Puritanism: A Very Short Introduction

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Oxford University Press, Jul 24, 2009 - Religion - 136 pages
2 Reviews
Written by a leading expert on the Puritans, this brief, informative volume offers a wealth of background on this key religious movement. This book traces the shaping, triumph, and decline of the Puritan world, while also examining the role of religion in the shaping of American society and the role of the Puritan legacy in American history. Francis J. Bremer discusses the rise of Puritanism in the English Reformation, the struggle of the reformers to purge what they viewed as the corruptions of Roman Catholicism from the Elizabethan church, and the struggle with the Stuart monarchs that led to a brief Puritan triumph under Oliver Cromwell. It also examines the effort of Puritans who left England to establish a godly kingdom in America. Bremer examines puritan theology, views on family and community, their beliefs about the proper relationship between religion and public life, the limits of toleration, the balance between individual rights and one's obligation to others, and the extent to which public character should be shaped by private religious belief. About the Series: Combining authority with wit, accessibility, and style, Very Short Introductions offer an introduction to some of life's most interesting topics. Written by experts for the newcomer, they demonstrate the finest contemporary thinking about the central problems and issues in hundreds of key topics, from philosophy to Freud, quantum theory to Islam.

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User Review  - thornton37814 - LibraryThing

Author Francis J. Bremer delivers exactly what is promised by the title of this book -- a brief introduction on Puritan thought. There are a few quotes, mostly in shaded sidebars. While one could tell ... Read full review

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When one thinks of Puritans and Puritanism (in the US this usually happens around the time of Thanksgiving) one usually thinks of men and women in staid black vestments who are dour in demeanor and extremely strict and bleak in their morals. However, this caricature has more to do with the way that Puritanism was used in the twentieth century as a byword for all sorts of strict moral and religious attitudes than with the real Puritans and their primary concerns. From that standpoint this very short introduction from the Oxford University Press serves as a useful guide to dispelling many of those prevalent myths and prejudices about Puritanism. It places its origins in the right historical and political context, and that is the one of sixteenth and seventeenth England. Puritanism arose in the aftermath of the splitting of the Church of England from the Catholic Church, and its primary impulses were to bring the Church of England further along the line of other protestant churches and get rid of what was perceived as remnants of Catholic practices. Puritans never became a separate and self-contained denomination, but were rather a reform movement within Anglicanism. In their theology they were closer to Calvinism, but overall did not possess a distinct theological tradition.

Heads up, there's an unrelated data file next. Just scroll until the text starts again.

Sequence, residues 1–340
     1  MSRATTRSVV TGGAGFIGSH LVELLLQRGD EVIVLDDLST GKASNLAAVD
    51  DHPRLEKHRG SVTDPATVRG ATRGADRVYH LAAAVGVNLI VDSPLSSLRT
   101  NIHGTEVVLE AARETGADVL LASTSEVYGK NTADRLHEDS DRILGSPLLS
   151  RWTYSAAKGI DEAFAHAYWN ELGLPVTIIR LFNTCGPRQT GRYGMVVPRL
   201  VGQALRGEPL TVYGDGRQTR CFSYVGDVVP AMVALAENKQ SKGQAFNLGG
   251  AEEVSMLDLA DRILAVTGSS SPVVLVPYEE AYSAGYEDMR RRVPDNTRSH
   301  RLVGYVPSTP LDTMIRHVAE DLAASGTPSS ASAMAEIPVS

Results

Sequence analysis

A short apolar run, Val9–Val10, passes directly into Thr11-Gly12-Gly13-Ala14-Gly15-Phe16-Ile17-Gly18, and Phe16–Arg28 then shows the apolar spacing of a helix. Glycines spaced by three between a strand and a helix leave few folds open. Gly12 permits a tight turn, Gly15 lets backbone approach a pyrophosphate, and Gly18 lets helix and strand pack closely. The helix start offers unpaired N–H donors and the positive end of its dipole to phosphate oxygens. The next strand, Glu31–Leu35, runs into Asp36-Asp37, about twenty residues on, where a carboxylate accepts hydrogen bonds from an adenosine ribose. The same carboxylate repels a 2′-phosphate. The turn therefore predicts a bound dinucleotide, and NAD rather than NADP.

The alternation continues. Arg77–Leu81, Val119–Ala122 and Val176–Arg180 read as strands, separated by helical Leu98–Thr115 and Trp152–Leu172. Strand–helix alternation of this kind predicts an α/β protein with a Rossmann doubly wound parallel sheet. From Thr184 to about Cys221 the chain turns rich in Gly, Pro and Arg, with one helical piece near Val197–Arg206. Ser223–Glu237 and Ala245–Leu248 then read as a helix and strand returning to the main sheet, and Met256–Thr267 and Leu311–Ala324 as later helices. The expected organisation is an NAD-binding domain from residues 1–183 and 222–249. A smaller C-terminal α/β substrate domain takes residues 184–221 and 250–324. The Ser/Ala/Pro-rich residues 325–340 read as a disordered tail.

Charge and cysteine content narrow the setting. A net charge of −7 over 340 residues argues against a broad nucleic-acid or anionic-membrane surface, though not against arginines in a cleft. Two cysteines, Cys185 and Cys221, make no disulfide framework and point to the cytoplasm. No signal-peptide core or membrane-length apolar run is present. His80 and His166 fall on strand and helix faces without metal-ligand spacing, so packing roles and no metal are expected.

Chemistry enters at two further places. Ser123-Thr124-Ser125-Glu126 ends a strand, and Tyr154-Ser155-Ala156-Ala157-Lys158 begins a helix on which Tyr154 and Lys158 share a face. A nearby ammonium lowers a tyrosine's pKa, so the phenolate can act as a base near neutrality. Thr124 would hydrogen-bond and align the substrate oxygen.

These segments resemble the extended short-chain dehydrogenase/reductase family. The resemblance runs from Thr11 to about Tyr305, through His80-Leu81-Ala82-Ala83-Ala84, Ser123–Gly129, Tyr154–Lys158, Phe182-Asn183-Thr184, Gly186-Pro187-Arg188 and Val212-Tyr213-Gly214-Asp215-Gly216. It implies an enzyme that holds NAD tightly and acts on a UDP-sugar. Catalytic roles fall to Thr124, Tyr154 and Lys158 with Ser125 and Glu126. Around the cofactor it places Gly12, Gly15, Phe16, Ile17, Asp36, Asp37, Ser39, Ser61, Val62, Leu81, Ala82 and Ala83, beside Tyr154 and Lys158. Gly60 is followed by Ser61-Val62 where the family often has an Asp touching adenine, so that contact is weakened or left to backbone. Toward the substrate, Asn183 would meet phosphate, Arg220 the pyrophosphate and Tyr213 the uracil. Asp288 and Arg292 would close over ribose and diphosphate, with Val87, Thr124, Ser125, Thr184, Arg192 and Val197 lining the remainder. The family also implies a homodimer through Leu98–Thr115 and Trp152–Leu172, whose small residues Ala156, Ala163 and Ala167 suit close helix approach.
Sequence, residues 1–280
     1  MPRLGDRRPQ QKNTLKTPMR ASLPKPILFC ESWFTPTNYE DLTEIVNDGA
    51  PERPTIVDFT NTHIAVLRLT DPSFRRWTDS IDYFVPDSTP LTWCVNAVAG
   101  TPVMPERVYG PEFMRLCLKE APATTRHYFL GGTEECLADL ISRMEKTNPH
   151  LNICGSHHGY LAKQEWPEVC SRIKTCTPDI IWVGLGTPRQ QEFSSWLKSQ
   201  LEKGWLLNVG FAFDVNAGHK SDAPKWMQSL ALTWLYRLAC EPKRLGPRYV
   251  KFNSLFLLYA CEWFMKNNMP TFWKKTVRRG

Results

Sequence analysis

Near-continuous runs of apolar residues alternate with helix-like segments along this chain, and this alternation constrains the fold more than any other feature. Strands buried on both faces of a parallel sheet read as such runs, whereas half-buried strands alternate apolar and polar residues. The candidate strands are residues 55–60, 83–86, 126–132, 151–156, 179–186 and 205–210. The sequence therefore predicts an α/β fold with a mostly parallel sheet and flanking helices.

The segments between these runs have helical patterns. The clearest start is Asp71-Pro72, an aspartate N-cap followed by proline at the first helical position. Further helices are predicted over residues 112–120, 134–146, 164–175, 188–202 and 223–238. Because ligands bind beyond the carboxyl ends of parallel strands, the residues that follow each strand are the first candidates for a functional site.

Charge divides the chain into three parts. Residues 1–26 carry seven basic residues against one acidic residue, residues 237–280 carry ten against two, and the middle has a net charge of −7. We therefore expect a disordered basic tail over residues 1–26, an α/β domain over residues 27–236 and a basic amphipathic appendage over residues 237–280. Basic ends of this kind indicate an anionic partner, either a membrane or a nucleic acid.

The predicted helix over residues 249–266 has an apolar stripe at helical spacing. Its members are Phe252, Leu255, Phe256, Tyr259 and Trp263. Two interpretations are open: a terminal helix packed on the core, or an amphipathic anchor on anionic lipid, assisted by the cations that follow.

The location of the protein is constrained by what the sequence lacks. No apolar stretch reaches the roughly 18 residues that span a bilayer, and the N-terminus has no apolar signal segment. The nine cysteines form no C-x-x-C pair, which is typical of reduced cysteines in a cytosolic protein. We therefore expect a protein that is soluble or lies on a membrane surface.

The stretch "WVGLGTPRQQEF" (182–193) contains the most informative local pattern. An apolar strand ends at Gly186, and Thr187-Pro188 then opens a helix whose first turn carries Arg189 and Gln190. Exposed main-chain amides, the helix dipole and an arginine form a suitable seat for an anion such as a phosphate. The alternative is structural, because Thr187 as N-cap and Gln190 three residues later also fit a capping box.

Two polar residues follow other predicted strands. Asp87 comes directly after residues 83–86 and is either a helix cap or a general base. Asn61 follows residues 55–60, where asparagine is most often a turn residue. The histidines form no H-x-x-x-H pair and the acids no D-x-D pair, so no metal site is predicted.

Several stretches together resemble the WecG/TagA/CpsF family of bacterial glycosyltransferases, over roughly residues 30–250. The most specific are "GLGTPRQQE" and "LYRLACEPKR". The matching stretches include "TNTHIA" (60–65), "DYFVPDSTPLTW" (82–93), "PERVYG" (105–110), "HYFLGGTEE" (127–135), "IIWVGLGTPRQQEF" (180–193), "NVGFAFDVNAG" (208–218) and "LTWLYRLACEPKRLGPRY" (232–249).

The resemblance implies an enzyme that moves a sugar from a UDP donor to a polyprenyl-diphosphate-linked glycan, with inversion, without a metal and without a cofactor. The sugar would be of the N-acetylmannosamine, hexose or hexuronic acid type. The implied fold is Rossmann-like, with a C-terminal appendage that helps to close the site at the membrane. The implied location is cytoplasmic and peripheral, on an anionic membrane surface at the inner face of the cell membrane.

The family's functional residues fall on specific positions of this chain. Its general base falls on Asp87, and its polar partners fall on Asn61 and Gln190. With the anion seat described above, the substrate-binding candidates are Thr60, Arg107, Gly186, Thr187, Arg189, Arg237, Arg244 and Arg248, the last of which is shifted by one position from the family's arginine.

In England, aside from politics Puritans have had a significant influence on all aspects of public life. John Milton's "Paradise Lost" is a prime example of influence of Puritan ideal on literature and arts. One of the more surprising things that I came away with after reading this book was how quite ordinary Puritans actually were, and how in fact some of the stereotypes we have about them are in actuality quite the opposite of what the reality were. For instance, much like the rest of sixteenth and seventeenth English population Puritans readily consumed alcohol, even in preference to water which was at the time extremely polluted and unsafe to drink. The completely black outfits that are traditionally associated with Puritans were in fact worn only by the elite, since black cloths at the time symbolized high status and were hard to come by. The only accurate idea about them seems to be about their avoidance of theatre and dancing.
In the US Puritanism has a special status due to the nation's founding myth of Pilgrims who had established a colony in present day Massachusetts. For centuries many of the values and ideals that have been ascribed to the Pilgrims have shaped the way that Americans perceive themselves. The actual Puritans are long gone now, but many of their spiritual descendants are still with us in the form of different Protestant denominations. For the sake of better understanding of American religious heritage it is important to know about the origin of these denominations, and this very short introduction is a very useful step in that direction.


1 Reforming the English Reformation
2 Puritan experiments
3 The puritan and his God
4 Living the puritan life
5 The puritan and his neighbors
6 Puritans and the larger society
7 The puritan legacy
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About the author (2009)

Francis J. Bremer is Professor of History at Millersville University of Pennsylvania. A leading authority on Puritanism, he is the author of the award-winning biography John Winthrop: America's Forgotten Founding Father.

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